On May 18, about 2,500 Kaiser workers in Southern California held a one-day strike, its second such action in two months, over the contract impasse. These were the first strikes at the facility in 20 years. Future actions are expected if no bargaining agreement is reached.
Officials at the NUHW say the strikes are necessary to obtain language in contracts on safe staffing ratios and ensure quality patient care and working conditions. “SEIU settles without putting up any fight at all,” says Leighton Woodhouse, spokesman for the NUHW. “It will take more pressure to protect our members.”
Kaiser Permanente officials would not comment on the details of the bargaining sessions, but says negotiations are ongoing. “We exceed state-mandated staffing ratios at all our facilities,” says Jim Anderson, spokesman for Kaiser in Southern California. California law requires hospitals to staff units with a specific number of registered nurses at all times. “Ours are better than the state standards.”
After switching to the NUHW last year, about 2,300 Kaiser Southern California workers were deemed ineligible for a 2% raise and education tuition reimbursement reached under a prior contract. In December, an administrative law judge ruled in favor of the workers, ordering Kaiser to give them the raise, with back pay, and other benefits. The NUHW had successfully argued that all prior agreements cover the workers until they reach a new contract.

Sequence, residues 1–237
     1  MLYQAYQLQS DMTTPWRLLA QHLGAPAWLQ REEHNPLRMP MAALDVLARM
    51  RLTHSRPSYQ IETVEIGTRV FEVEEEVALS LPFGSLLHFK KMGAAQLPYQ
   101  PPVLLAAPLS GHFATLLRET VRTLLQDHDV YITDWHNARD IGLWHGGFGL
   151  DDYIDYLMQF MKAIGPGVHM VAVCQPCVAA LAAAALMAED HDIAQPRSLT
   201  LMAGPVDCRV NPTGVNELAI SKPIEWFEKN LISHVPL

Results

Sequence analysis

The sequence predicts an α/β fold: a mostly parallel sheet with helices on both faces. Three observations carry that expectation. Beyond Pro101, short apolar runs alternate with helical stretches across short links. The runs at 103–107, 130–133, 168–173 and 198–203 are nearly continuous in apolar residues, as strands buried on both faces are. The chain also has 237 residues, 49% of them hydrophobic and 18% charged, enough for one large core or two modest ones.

The NUHW now has about 8,000 members statewide, while SEIU-UHW claims about 141,000 members.
The NUHW continues to make waves. It has issued a strike notice at 269-bed Salinas (Calif.) Valley Memorial Hospital for June 21. The one-day strike by 850 covered workers aims to protest possible layoffs and wage and benefit cuts. The Salinas hospital has been under fire in recent weeks for paying $4 million in retirement benefits to its former CEO.
And in May, 800 healthcare workers at 798-bed California Pacific Medical Center in San Francisco, a Sutter Health facility, voted to switch from the SEIU-UHW to the NUHW. At a separate hospital campus, St. Luke's Hospital, workers voted to stay with SEIU-UHW.
That election has not yet been certified, and Kevin McCormack, spokesman for California Pacific Medical Center, says that while a contract remains in place, the NUHW could renegotiate it.
The appeal of the upstart union is the leadership, Woodhouse says. “As far as these workers are concerned, NUHW has been their union all along,” he says. “SEIU is an occupied union.”
SEIU-UHW officials disagree. A trusteeship was imposed in January 2009 after the prior leadership, including former head Sal Rosselli, now president of NUHW, was shown the door by national SEIU leaders under accusations of mishandling funds. Board elections were held this spring and the new board seated in April.
“We feel very good about where this has ended up,” says Steve Trossman, spokesman for the SEIU-UHW. “The fight will be over, and overwhelmingly we will have come out with membership intact.”
Part of the reason workers at California Pacific Medical Center voted to join the NUHW was the SEIU-UHW's support of a $2 billion construction project. The project has been controversial among neighborhood groups and faces fierce opposition from the California Nurses Association because of concerns that some services will shift locations from a lower-income neighborhood.
But Trossman says the larger union's record speaks for itself. “We've settled 100 contracts in the past two years that are as good or better than anything else in the country,” he says. “To say we are not fighting—the facts don't add up.”